Changing the shape of chemotherapy drug nanoparticles from spherical to rod-shaped has made them up to 10,000 times more effective at targeting and delivering anti-cancer drugs to breast cancer cells.
It is claimed the findings from bioengineering researchers at University of California, Santa Barbara could have a game-changing impact on the effectiveness of anti-cancer therapies and reducing the side effects of chemotherapy. Results of their study were published recently in Proceedings of the National Academy of Sciences.
‘Conventional anti-cancer drugs accumulate in the liver, lungs and spleen instead of the cancer cell site due to inefficient interactions with the cancer cell membrane,’ said Samir Mitragotri , professor of chemical engineering and Director of the Center for BioEngineering at UCSB. ‘We have found our strategy greatly enhances the specificity of anti-cancer drugs to cancer cells.’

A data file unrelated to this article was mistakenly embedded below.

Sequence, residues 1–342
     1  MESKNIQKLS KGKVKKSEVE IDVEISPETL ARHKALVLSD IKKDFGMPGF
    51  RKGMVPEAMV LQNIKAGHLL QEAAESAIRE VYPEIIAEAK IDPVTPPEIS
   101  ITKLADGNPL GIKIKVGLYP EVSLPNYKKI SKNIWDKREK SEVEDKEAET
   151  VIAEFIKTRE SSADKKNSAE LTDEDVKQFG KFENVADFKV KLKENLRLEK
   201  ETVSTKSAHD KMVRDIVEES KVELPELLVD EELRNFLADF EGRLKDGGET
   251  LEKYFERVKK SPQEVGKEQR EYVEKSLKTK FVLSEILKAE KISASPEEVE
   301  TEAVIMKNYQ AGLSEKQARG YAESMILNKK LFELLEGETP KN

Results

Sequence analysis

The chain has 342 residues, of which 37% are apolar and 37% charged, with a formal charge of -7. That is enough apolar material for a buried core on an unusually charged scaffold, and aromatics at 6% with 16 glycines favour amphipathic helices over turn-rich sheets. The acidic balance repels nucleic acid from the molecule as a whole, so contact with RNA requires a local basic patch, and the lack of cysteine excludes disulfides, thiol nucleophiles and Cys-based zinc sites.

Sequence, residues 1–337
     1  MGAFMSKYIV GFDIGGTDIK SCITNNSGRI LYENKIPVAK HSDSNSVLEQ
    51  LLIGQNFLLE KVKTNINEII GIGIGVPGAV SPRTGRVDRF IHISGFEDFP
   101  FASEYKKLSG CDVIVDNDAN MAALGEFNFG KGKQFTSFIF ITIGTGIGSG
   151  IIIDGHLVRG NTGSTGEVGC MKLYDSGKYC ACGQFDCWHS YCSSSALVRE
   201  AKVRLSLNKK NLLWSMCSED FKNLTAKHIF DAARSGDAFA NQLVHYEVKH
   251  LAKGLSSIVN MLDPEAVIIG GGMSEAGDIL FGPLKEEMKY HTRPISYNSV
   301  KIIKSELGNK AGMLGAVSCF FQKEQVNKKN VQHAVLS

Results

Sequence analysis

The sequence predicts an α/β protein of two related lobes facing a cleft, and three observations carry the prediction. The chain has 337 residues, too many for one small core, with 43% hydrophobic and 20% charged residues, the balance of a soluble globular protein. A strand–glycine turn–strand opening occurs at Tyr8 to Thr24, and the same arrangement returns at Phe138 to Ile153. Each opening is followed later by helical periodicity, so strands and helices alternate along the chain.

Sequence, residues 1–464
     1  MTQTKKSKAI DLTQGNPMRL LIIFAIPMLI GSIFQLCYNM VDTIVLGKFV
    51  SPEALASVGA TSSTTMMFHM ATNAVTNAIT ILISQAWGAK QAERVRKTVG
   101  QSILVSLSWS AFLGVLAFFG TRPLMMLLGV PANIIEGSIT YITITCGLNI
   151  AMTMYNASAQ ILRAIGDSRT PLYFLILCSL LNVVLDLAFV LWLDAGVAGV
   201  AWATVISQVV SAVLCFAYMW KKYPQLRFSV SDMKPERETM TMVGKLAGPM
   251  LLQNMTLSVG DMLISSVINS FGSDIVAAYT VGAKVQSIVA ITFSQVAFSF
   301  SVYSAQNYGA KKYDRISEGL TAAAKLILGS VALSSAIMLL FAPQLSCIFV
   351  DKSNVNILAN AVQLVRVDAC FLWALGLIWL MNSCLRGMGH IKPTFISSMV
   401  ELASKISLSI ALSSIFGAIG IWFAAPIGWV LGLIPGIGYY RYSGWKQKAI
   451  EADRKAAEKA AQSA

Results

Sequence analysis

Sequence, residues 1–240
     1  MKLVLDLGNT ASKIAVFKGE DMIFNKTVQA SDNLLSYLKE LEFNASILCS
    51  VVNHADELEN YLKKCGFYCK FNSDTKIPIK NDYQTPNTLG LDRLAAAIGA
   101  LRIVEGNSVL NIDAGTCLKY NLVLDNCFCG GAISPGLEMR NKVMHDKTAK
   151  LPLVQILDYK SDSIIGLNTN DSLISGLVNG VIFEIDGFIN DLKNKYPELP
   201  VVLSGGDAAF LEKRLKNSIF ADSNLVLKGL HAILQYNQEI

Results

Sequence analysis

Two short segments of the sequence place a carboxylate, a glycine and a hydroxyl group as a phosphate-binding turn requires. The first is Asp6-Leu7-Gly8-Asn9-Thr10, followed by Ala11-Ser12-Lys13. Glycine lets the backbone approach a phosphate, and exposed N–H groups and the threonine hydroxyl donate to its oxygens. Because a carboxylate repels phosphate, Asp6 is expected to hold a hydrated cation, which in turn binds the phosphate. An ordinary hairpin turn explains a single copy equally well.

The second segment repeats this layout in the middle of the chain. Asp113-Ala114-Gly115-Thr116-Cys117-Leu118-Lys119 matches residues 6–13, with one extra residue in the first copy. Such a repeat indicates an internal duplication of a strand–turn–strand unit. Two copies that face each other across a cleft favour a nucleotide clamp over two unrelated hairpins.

To engineer these high-specificity drugs, they formed rod-shaped nanoparticles from a chemotherapeutic drug, camptothecin, and coated them with an antibody called trastuzumab that is selective for certain types of cancer cells, including breast cancer.
The antibody-coated camptothecin nanorods were reportedly 10,000-fold more effective than tratsuzumab alone and 10-fold more effective than camptothecin alone at inhibiting breast cancer cell growth.
‘This unique approach of engineering shapes of anti-cancer drugs and combining them with antibodies represents new direction in chemotherapy,’ Mitragotri said in a statement.
Mitragotri and collaborators at UCSB, including post-doctoral researchers Sutapa Barua and Jin-Wook Yoo, and former graduate student Poornima Kolhar, looked to human breast cancer cells to examine how shape works in synergy with molecular recognition to perform complex tasks within the human body.
‘We were inspired to look at the shape as a key parameter by natural objects. In nature, all key particles such as viruses, bacteria, red blood cells, platelets are non-spherical,’ said Mitragotri. ‘Their shape plays a key role in their function.’
The study was completed with support from Genentech, the UC Discovery Program, and the Daryl and Marguerite Errett Discovery Award in Biomedical Research.